Limits to Choice: Affordable Child Care

sb10069771al-001As I have said before–real reproductive choice includes the right of women to have and raise their children out of poverty. There are, of course, a number of obstacles to this, from the wage gap to higher rates of poverty among women, access to affordable medical care (including reproductive health care and birth control), disparities in education, etc. The list is a long one.

I saw a news story earlier in the week, and it got me thinking about one such hurdle: the cost of child care. Check out this story from ABC Its about a mom in Michigan who, quite kindly (IMHO), watched a few of her friends’ children each morning, for free. She covered the roughly 45 minutes between the time their moms had to leave for work and the time that the school bus picked them up, right in front of her house.

Like you (and probably most of America), I wondered what the problem was. It turns out that Michigan Health and Human Services received a call from someone who reported Ms. Snyder for operating an unlicensed daycare center. They ordered her to cease and desist in caring for her friends’ children each morning! Can you see my jaw hanging open as I watched this on TV–my thoughts speeding past at breakneck speed, while my tongue fails to form words?

Thankfully, her case has received national press and lawmakers in MI are working quickly to revise the statutes that MHHS is attempting to enforce. That’s great. But.

It does not address the real problem here–the exorbitant cost of day care nationwide. According to the National Association of Child Care Resource & Referral Agencies (NACCRRA), the cost per child of part-time day care for a school aged kid is as high as $10,719 a year!

Even scarier than that, though, is that it costs a mere $10K a year, per kid, for part time daycare at a center–but that’s for a school aged child! Placing an infant in day care is WAY more expensive–A NACCRRA report detailing child care costs for 2008 lists the cost of one year of full-time infant care at as high as $15,895! Considering that the median family income in the US is $50,740.00/year, some families are paying out as much as a THIRD of their annual income in day care costs alone!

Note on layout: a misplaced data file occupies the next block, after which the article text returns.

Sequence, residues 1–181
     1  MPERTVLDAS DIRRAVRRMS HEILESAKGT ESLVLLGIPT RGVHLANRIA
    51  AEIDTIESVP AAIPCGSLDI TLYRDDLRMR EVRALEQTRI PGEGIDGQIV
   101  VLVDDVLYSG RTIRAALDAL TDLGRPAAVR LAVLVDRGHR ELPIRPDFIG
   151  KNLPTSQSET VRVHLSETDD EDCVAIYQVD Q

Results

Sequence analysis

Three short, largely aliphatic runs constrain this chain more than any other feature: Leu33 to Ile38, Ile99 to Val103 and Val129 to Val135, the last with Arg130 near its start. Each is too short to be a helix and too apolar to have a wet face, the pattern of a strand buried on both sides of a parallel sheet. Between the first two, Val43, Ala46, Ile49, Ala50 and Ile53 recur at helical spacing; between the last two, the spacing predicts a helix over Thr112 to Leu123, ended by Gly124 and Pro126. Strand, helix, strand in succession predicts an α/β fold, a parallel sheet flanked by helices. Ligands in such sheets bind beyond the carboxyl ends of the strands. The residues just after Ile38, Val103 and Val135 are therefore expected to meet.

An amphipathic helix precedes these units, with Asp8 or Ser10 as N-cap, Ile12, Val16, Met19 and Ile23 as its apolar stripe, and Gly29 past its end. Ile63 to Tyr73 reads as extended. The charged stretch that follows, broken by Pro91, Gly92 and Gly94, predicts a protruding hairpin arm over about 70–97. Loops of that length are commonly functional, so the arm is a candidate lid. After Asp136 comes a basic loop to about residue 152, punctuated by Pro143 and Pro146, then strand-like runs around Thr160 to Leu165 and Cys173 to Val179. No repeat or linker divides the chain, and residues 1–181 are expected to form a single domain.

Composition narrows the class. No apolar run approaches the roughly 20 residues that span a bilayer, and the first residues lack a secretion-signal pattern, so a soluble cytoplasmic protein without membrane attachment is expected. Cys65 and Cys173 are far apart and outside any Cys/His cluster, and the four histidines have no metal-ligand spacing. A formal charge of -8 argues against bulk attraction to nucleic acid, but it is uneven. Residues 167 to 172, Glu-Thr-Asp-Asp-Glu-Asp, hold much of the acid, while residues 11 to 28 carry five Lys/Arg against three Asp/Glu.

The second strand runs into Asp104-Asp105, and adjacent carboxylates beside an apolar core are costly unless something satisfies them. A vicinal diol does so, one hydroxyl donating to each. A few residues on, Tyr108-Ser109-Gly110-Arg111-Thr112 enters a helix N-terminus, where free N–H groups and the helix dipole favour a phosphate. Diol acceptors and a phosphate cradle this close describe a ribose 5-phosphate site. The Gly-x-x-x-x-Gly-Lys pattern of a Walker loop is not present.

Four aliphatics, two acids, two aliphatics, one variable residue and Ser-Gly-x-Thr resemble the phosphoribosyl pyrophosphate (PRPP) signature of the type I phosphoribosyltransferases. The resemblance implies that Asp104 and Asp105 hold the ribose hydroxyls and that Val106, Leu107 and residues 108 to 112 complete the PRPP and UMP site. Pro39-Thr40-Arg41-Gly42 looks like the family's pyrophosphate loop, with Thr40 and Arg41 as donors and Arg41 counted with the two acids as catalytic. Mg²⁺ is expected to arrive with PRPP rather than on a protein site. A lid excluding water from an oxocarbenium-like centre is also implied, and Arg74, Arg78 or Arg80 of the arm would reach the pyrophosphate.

A parent might be able to find lower-cost care, but that usually means placing their children in a home day care, but as NACCRRA points out, many are unlicensed and it is harder to accurately determine the level of safety/quality of care received at such facilities.

Even if your family brings in the median national income ($50,740) and you are only paying half of the national average for infant day care ($7947.50), you’re still looking at a monthly cost of $662.29! Granted, I live in an area with a relatively low cost of living (though daycare is still EXPENSIVE), $662.29 is almost as much as we pay for our MORTGAGE every month!

I can only imagine the coronary I would have if our family income dropped by even $500/month–kid or no kid!

Faced with such daunting day care rates, medical care costs, a couple of years worth of diapers, clothes, food, school supplies and anything else required for even the most frugal of budgets, even the average family is, realistically, quickly priced out of having a child.

Photo credit: Getty Images


  1. freewomyn says:

    Yeah, the cost of day care is definitely a big hurdle that prevents more women from returning to the workforce after they have a baby. It ends up being to costly. Maybe if more men stayed home with the bambinos, they’d see how much work it is, demand affordable day care options, and then we’d really be in business. Oh, wait . . . that’s just the fantasy in my head talking.

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